Service Provider Cloud

Private Cloud Is Very Popular Yet Nobody's Doing It

BARCELONA -- Mobile World Congress 2017 -- Reminiscent of the Yogi Berra quote about the restaurant that had become unpopular because so many people went there, Intel is seeing strong demand for on-premises enterprise cloud, even while conventional server component sales are declining.

What's going on? Enterprises are extremely interested in on-premises cloud, but not deploying it because it's too difficult, Sandra Rivera, corporate vice president and general manager for the Intel Corp. network platforms group, tells Light Reading.

Enterprises want to keep mission-critical data on premises, Rivera says. Intel Corp. (Nasdaq: INTC), for example, isn't going to put its silicon fab manufacturing data on a public cloud for security, performance and latency. And many enterprises are in the same position with regard to their most important data.

And yet, while enterprises still comprise half of the data center group business last year, the enterprise server business is contracting in single digits. (See 'Troubled' Intel Rakes in the Dough.)

Want to know more about the cloud? Visit Light Reading Enterprise Cloud.

"Everyone is moving to cloud," Rivera says. Enterprises want to achieve resource pooling and other benefits. But they're moving to public cloud. "It's easier to move to the public cloud than to stand up and deploy on-prem cloud."

Intel's Sandra Rivera
Intel's Sandra Rivera

Intel is working to simplify on-premises cloud deployments by contributing to open source projects, such as OpenStack, designed to make standing up clouds easier, and building broad ecosystems of providers to assist enterprises.

Intel is also developing CPUs, NICS, SSDS and FPGAs to develop high-performance fabrics to support clouds, with integration needed to package and create reference architectures and solution blueprints to eliminate trial and error in development, Rivera said.

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ChiefTec25943 3/2/2017 | 9:34:26 PM
Plenty enterprises us private cloudd I have no idea what planet Rivera is on but plenty of enterprises use private clouds powered by Intel. Her comment is ridiculous.
brooks7 3/2/2017 | 9:59:18 AM
Re: Penny wise Mitch,

You just described a bunch of servers running VMware.  IT folks were doing that before we talked about the cloud.  Which is my point.


I ran a bunch of servers in data centers, so yes I understand.  The point here was bringing it back to the premise as far as I can tell.


mendyk 3/2/2017 | 9:40:24 AM
Re: Penny wise As one IT expert recently observed, it's pretty easy to move your data into the public cloud. It's a lot harder to pull it back.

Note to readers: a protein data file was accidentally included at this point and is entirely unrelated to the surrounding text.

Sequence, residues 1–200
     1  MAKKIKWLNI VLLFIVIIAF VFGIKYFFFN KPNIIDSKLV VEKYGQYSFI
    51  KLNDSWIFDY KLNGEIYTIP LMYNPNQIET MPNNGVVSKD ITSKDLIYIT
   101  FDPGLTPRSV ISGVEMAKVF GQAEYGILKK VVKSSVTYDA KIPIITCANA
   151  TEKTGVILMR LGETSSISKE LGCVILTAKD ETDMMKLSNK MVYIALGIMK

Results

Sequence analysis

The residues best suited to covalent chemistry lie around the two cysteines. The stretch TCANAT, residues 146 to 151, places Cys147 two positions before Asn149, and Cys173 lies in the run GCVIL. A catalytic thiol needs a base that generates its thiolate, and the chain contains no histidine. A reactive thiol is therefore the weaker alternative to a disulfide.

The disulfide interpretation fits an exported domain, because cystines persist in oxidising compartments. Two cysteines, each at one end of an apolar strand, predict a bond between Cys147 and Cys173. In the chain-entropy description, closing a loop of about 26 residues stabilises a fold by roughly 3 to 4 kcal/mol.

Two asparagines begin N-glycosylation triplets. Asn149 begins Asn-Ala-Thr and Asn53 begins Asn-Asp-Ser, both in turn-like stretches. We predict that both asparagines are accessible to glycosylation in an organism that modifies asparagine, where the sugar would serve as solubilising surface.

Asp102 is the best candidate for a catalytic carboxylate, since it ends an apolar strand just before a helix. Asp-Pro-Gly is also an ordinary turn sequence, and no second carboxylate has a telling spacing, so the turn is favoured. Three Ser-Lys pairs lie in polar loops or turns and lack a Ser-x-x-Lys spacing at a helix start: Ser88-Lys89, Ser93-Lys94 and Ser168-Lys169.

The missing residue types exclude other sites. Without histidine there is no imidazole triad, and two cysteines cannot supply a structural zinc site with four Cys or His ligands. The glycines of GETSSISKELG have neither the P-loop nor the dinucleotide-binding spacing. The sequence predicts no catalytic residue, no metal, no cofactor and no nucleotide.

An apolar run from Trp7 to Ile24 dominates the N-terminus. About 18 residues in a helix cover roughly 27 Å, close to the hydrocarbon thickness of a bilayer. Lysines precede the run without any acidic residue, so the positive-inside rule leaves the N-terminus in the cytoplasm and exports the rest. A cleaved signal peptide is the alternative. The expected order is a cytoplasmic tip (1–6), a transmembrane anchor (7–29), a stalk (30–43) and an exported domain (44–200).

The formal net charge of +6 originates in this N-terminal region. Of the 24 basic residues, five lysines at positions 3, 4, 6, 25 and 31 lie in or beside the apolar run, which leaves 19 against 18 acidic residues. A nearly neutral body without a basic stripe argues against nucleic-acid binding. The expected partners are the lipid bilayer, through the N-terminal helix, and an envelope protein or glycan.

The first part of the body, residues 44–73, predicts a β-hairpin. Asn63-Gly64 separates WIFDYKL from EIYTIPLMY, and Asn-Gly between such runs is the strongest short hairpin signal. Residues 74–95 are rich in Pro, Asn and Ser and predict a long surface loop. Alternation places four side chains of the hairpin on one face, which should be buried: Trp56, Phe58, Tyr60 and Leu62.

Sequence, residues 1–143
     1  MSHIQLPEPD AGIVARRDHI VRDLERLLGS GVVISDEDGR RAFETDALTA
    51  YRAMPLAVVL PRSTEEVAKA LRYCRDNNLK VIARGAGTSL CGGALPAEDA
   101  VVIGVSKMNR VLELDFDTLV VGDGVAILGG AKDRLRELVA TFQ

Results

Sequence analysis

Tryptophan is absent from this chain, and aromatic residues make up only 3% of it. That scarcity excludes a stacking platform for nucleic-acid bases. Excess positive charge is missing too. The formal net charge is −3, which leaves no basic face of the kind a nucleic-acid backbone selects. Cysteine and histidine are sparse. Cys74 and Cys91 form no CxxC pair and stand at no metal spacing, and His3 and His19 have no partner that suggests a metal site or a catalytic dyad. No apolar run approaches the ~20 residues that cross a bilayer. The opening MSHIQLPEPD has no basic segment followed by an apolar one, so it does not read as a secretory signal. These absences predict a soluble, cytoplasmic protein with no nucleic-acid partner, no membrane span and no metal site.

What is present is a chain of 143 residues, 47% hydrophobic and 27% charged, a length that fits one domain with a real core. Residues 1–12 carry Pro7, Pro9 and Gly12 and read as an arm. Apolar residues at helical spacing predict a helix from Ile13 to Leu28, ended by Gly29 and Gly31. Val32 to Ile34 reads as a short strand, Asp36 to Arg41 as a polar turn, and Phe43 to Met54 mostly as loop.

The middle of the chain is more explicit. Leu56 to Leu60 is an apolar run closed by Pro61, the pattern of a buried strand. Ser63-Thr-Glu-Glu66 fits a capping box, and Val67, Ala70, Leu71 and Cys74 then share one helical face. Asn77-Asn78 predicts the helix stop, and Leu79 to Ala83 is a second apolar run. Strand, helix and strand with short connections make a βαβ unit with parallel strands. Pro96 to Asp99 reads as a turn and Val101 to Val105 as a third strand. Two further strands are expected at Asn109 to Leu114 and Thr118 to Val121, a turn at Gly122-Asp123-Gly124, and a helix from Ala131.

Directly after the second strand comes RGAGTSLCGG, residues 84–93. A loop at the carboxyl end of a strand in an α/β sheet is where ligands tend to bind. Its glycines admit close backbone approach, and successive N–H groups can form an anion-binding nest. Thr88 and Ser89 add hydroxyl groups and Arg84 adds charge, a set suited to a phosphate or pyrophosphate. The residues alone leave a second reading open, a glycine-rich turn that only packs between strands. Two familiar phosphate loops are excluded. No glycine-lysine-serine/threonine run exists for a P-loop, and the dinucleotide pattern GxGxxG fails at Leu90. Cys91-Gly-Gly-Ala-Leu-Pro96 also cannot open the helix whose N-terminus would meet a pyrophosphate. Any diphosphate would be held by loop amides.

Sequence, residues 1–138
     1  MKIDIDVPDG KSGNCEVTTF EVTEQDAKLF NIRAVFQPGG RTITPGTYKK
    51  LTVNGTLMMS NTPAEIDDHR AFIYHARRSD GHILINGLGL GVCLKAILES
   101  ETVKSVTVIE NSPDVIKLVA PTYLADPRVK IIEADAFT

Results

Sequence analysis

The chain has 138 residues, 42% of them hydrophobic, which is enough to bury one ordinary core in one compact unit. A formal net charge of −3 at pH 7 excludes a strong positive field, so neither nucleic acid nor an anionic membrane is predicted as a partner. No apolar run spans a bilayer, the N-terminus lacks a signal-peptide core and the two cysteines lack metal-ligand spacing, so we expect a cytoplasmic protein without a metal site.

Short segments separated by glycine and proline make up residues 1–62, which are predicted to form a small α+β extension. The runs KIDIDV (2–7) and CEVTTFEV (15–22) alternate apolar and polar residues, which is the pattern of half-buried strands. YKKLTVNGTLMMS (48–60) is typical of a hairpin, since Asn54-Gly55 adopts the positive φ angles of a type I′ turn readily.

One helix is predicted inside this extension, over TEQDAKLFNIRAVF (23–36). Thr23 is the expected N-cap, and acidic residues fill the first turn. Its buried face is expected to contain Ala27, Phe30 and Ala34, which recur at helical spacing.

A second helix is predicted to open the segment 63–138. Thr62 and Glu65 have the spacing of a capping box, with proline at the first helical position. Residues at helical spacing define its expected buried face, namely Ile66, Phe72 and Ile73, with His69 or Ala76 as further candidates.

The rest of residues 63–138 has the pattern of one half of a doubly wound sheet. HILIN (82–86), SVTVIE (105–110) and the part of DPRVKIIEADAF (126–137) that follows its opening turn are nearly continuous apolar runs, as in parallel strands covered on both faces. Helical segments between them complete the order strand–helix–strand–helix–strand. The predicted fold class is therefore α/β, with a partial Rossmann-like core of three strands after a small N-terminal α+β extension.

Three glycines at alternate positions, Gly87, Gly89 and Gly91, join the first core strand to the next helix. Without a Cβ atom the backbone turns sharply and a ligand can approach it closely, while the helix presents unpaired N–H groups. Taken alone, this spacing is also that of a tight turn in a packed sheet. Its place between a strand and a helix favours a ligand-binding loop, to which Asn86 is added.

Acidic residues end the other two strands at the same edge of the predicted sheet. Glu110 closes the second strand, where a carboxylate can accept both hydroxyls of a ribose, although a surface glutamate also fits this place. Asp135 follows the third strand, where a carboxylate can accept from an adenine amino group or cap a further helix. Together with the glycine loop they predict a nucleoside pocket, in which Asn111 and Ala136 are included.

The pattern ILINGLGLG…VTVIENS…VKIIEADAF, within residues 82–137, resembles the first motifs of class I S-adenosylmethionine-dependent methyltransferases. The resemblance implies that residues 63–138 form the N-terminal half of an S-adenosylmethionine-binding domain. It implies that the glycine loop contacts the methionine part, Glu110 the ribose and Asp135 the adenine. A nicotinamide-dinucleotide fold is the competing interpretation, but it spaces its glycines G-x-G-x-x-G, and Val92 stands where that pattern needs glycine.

Mitch Wagner 3/2/2017 | 7:10:20 AM
Re: Penny wise Part of the cost lies in retraining or hiring new talent, rewriting apps to take advantage of the new architecture, and planning migration. 

Difficulty and cost are interchangeable. 
Mitch Wagner 3/2/2017 | 7:09:03 AM
Re: Penny wise Private cloud is different from legacy architecture in that private cloud uses software and interfaces to pool resources for applications. With conventional architecture, individual applications are tied to individual servers or groups of servers. With private cloud, workloads can migrate, allowing for more efficient use of resources. 
Joe Stanganelli 3/2/2017 | 4:51:07 AM
Re: Penny wise @brooks7: well, to be fair, sometimes it's somebody else's basement/datacenter that you're leasing.  ;)
Joe Stanganelli 3/2/2017 | 4:49:51 AM
Great minds @Mitch: You and I are on the same wavelength, I think.  I immediately thought of the same Yogi Berra quip the instant I saw the headline.

In any case, I think we've gotten to the point where it's "easier" to go to public cloud simply because, if you're an enterprise that's making that digital-transformation commitment anyway, you're probably on track for public cloud anyway -- so may as well go the express route.

That said, many companies/industries do still feel the need for private cloud, but that number is beginning to shrink.
brooks7 3/1/2017 | 3:52:04 PM
Re: Penny wise So, is putting a bunch of servers in your data room a "private cloud"?

Why is it not called "Do Nothing"?



mendyk 3/1/2017 | 1:36:06 PM
Penny wise The degree of difficulty regarding private cloud is probably less a factor than the cost -- as in, it's just cheaper to use public cloud services. The question is whether that economy holds up over the long run.
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